The analysis by MayStreet, a market data firm, shows that an unknown buyer on Dec. 7 purchased around 16,000 E-mini S&P 500 futures contracts at 1:21 p.m. New York time.
“It was a massive trade and it happened quickly,” said Mehmet Kinak, head of electronic trading at T. Rowe Price.
The trade occurred after muted morning gains by the stock market, which then soared in the afternoon after the transaction, with the S&P 500 closing at a fresh record of 2,241.35 on December 7 and then extending gains into December 8 and 9.
The trade was parcelled into scores of individual transactions, but raw data show that all of them took place at the same nanosecond and fell within boundaries indicating where one trade ends and the next trade begins, according to the analysis. That is a strong indication they were all part of one big trade, MayStreet said.
Taken together, the purchase was more than double the size of the second-biggest E-mini trade in 2016, in which someone sold about 7,000 contracts, or around $ 645 million, on Jan. 15, MayStreet said.
E-mini contracts are used by traders to bet on or hedge against future moves in the S&P 500 stock-market index, and large moves in the price of E-minis can have knock-on effects in the stock market.
Wednesday’s order sparked a frenzy of superfast trading as other market participants piled in and a total of $ 3.4 billion worth of E-minis changed hands within two seconds, including the original transaction, MayStreet said. The firm’s analysis is based on nanosecond-level trading data from CME Group, which runs the exchange where the contract is listed.
It is unclear who stood behind the trade. CME said it couldn’t comment on “the specifics of any particular order”. Traders and analysts say the most likely explanation is that an algorithm triggered the large purchase when the E-minis hit a key threshold. Trading records show the buying began just as E-minis reached 2,225 points, a round number, as well as an intra-day high.
That suggests a computer program unleashed the buying, perhaps on behalf of a bank that needed to automatically hedge a trade in stock-market derivatives, according to Joshua Lukeman, a managing director in the equities trading division of Credit Suisse.
“It felt like the beginning part was electronic because it went through the pipe so quickly,” Lukeman said. Then there was a “snowball effect of other folks rushing in,” he added.
Heavy bursts of volume in E-minis aren’t unusual, but they tend to take place when the stock market closes, at 4 p.m. ET, not in the middle of the day. The one-minute interval including Wednesday’s early afternoon trading frenzy was the fifth-busiest minute of the year in E-minis, while all of the other top 10 highest-volume minutes took place right around 4 p.m., according to MayStreet.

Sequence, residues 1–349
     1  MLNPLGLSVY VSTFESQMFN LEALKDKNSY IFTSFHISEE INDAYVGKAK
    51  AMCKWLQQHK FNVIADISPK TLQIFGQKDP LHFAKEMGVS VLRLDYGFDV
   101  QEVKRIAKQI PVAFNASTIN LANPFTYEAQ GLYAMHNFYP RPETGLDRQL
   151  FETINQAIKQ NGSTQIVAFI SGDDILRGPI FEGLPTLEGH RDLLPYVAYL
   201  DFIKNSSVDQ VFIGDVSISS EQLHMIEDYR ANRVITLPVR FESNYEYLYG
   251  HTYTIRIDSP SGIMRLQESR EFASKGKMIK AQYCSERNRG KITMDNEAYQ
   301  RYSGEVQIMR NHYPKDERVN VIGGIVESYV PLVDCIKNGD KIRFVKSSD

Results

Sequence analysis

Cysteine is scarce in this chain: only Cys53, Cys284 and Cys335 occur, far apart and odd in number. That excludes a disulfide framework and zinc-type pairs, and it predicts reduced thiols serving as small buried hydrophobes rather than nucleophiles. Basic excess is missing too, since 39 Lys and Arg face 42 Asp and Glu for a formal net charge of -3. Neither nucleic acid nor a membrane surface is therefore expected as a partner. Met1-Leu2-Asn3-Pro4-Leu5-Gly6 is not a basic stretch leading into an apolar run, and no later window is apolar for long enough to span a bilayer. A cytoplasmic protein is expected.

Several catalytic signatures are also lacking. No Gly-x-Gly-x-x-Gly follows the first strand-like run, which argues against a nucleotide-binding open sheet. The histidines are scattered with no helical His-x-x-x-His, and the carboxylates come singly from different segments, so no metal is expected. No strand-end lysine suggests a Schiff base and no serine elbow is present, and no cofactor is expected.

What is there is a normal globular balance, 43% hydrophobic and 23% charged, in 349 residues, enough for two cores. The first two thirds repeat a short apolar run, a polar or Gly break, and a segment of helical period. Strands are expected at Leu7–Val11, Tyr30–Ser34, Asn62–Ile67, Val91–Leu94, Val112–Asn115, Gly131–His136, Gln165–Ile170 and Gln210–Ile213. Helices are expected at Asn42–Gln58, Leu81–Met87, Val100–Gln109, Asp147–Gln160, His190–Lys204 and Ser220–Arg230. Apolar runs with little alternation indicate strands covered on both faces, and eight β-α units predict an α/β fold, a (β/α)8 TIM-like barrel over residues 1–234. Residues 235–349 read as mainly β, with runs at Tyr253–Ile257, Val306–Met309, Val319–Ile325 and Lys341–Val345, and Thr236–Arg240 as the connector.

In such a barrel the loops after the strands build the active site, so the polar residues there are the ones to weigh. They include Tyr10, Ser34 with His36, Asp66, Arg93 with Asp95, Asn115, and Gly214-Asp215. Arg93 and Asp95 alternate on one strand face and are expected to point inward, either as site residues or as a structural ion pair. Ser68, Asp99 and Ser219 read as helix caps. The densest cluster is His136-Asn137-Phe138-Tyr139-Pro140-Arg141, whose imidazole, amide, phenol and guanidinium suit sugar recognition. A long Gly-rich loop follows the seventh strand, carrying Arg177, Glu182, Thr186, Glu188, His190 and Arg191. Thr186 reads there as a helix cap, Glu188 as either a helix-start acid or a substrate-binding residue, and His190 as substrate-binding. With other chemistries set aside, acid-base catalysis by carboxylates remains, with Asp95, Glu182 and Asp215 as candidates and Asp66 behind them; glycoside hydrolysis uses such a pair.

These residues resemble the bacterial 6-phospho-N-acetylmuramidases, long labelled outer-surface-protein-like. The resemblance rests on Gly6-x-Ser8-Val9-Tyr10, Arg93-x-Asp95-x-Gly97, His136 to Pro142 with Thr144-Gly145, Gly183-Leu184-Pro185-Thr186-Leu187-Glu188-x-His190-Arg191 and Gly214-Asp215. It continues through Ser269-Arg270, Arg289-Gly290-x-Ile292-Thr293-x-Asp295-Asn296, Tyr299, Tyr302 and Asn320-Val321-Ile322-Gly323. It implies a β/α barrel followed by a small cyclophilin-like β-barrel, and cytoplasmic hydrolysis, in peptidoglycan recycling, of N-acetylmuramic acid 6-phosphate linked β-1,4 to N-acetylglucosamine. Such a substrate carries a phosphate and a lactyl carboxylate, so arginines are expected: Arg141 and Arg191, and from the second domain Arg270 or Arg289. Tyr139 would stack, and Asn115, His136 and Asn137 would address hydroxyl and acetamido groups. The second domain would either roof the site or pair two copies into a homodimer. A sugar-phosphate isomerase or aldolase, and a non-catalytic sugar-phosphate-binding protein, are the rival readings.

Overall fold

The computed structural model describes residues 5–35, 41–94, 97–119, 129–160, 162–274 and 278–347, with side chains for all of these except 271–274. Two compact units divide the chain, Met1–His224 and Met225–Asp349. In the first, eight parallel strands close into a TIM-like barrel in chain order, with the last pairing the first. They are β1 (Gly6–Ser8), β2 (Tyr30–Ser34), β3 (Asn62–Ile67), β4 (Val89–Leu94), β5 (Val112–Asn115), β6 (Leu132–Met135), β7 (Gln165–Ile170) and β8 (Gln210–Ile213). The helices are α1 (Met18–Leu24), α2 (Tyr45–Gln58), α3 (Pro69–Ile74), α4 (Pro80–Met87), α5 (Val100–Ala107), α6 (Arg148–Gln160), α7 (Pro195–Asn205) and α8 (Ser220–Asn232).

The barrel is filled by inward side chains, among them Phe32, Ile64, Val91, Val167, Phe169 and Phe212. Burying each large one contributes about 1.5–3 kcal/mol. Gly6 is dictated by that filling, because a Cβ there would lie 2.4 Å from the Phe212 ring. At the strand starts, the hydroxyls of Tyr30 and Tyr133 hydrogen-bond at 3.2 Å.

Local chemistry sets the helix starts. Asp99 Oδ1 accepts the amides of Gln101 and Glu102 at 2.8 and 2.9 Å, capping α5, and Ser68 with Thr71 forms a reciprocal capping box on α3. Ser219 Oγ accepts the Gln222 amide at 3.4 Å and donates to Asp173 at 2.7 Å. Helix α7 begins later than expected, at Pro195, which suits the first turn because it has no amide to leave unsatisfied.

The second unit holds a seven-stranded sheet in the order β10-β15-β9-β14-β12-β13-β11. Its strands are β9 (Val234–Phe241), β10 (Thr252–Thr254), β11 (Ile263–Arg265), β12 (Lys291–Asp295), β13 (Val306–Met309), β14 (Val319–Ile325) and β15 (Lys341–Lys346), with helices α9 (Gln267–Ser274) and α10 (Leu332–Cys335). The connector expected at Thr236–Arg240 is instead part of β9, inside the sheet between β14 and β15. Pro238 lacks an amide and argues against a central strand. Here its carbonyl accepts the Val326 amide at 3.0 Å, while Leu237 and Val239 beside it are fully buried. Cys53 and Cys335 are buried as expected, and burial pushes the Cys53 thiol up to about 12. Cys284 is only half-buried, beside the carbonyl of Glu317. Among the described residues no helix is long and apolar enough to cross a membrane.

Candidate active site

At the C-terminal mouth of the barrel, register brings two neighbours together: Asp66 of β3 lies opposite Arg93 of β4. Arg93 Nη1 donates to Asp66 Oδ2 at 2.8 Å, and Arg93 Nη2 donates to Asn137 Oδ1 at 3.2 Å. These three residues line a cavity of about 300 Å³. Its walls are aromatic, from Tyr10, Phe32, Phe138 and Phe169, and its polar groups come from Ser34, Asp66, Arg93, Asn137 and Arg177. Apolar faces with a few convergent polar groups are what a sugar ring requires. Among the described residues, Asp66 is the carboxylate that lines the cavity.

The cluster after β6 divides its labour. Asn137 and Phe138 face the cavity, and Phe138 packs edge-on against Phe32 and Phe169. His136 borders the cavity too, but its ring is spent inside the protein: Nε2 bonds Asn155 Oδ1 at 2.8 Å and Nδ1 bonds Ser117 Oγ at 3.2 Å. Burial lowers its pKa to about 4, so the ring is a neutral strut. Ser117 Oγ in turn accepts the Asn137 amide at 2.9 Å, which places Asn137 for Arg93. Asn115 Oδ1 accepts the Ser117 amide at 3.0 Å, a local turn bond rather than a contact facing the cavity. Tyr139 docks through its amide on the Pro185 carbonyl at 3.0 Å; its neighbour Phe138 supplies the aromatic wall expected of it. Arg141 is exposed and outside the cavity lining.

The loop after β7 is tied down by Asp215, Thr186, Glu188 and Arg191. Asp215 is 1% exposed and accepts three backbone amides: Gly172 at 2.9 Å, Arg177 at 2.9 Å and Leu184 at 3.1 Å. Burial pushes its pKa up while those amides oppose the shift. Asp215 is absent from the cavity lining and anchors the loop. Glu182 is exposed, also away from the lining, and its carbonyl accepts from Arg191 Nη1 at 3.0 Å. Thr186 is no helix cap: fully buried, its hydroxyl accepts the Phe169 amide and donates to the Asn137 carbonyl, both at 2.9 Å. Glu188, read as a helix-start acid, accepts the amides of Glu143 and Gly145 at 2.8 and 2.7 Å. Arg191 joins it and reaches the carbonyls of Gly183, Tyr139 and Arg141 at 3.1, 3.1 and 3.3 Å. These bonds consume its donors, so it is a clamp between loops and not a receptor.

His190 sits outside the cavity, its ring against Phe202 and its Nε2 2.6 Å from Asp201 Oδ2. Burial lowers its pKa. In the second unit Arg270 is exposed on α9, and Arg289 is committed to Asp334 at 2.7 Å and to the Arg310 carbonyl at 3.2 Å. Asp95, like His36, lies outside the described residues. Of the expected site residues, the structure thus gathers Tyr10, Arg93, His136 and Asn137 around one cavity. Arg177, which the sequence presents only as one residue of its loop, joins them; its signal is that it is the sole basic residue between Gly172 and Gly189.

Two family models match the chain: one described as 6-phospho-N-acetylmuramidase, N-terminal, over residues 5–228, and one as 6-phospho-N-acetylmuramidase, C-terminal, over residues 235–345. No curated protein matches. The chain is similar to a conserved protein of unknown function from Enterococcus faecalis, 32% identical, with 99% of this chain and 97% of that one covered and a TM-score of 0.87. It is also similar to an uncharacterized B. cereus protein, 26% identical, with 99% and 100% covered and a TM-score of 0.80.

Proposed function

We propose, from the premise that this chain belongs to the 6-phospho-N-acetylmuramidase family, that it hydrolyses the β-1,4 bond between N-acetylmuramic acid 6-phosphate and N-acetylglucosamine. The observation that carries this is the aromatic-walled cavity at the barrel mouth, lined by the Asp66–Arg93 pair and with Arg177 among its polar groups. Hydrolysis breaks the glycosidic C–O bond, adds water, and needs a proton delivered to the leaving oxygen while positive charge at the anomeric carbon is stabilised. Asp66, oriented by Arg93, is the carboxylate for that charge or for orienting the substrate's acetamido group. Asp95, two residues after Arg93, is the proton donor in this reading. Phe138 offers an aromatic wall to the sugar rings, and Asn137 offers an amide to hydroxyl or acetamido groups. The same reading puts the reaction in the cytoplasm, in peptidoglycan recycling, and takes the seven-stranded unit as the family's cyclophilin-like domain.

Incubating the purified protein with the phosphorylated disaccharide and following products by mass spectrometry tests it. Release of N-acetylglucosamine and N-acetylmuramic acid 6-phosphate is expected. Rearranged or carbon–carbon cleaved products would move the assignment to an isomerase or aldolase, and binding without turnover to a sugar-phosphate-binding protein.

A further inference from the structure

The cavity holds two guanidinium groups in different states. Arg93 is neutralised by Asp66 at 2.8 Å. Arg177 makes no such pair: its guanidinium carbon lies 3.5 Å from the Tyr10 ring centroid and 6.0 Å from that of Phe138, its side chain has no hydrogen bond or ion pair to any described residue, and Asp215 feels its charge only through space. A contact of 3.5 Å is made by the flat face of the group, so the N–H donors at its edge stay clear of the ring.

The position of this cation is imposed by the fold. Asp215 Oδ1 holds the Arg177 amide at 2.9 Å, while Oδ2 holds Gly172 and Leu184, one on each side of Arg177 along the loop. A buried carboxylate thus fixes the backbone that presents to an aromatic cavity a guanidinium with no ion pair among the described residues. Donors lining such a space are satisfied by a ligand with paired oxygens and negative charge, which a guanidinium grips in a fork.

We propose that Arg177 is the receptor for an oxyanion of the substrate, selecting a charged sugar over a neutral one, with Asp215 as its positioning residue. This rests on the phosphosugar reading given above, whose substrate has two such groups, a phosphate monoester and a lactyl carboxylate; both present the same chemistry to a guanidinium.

That makes Wednesday’s event an “anomaly,” said Michael Lehr, the firm’s co-founder. “A large intraday movement is unexpected.”
It wouldn’t actually cost a company $ 1.8 billion to put on a futures trade the size of Wednesday’s transaction. A firm seeking to buy futures must make an upfront payment, called initial margin, and then it either earns money if the price of the contract rises or it needs to make additional payments if the price falls. Initial margin for a $ 1.8 billion E-mini trade is about $ 83 million, according to a CME spokeswoman.
Big trades in the E-mini contracts have drawn attention before, most notably a botched trade that is said to have contributed to the flash crash of May 6, 2010, in which the Dow Jones Industrial Average dropped nearly 1,000 points within minutes before regaining much of its value just as quickly.
A September 2010 report by federal regulators said a key factor in the flash crash was a massive E-mini trade, in which a mutual fund firm sold 75,000 of the contracts. The firm accidentally instructed its trading program to dump them all in a series of sell orders over 20 minutes, rather than spreading the sell orders out over a much longer time period, according to the joint report by the Securities and Exchange Commission and the Commodity Futures Trading Commission.
The regulators didn’t name the firm, but media reports have identified it as Waddell & Reed Financial in Overland Park, Kan. Waddell hasn’t confirmed whether it was the firm in the report, though it released a statement shortly after the flash crash saying it had been trading E-minis that day.
The total size of the huge E-mini sale was about $ 4.1 billion, and in the 13 minutes between when the mutual fund firm started selling the contracts to the nadir of the flash crash, the firm’s program sold approximately $ 1.9 billion worth of E-minis, according to the joint SEC-CFTC report.
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This article was published by The Wall Street Journal